Web throws copyright rules into confusion

Wikimedia CommonsPeople are having trouble figuring out how their online content can be protected in this internet age.

Casey Fiesler, a PhD candidate at Georgia Tech, surveyed a dataset of 100,000 public forum posts from websites dedicated to video, writing, art and music.

She and her colleagues discovered that copyright is widely discussed on public threads.  She said that “at any given point, an estimated 13 percent of the posts in Youtube help forums are about copyright”.

And most of those threads were dedicated to questions about copyright as none of the sites she looked at gave copyright advice.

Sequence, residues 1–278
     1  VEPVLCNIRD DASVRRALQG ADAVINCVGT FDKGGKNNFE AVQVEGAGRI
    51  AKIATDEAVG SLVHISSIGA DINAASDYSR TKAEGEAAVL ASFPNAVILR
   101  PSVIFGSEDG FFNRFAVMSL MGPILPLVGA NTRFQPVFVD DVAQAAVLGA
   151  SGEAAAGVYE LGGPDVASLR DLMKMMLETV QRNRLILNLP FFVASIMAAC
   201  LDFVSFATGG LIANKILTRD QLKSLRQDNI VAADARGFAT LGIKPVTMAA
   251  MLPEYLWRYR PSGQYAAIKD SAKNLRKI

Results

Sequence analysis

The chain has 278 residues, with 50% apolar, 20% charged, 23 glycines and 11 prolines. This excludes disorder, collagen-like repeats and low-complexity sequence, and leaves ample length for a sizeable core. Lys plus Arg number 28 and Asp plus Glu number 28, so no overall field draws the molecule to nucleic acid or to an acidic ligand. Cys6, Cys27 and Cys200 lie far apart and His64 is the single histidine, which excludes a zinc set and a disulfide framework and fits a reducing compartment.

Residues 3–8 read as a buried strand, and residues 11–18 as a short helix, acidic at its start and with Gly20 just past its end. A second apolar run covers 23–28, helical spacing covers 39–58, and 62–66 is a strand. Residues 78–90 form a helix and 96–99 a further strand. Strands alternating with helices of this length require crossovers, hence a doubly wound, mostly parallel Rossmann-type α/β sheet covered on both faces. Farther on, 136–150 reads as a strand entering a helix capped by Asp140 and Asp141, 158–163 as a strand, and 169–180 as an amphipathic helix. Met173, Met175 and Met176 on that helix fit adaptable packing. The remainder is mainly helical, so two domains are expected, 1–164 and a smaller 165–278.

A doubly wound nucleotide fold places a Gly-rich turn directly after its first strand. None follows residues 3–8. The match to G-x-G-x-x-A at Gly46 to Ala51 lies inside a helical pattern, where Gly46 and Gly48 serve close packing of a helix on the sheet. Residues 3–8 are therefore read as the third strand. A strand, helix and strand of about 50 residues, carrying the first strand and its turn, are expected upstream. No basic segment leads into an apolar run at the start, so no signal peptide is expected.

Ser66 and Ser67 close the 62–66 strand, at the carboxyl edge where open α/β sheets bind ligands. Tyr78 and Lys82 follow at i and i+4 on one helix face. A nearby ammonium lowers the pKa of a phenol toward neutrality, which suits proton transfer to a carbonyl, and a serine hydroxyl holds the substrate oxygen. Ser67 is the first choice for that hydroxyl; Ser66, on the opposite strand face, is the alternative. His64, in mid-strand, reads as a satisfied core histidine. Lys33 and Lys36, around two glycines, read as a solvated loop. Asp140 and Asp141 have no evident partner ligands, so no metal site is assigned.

“Over and over again, the prevalence of problems related to copyright was expressed by creators in the conversations. Most of the posts in our dataset could be labelled as expressing some sort of problem,” she said.

The researchers found the five most challenging areas were avoiding trouble, dealing with consequences, fear of infringement, dealing with infringement and not enough information for people for them to make informed decisions on copyright.

The researchers concluded that sites should have clear information about copyright, and having website owners answer copyright related questions.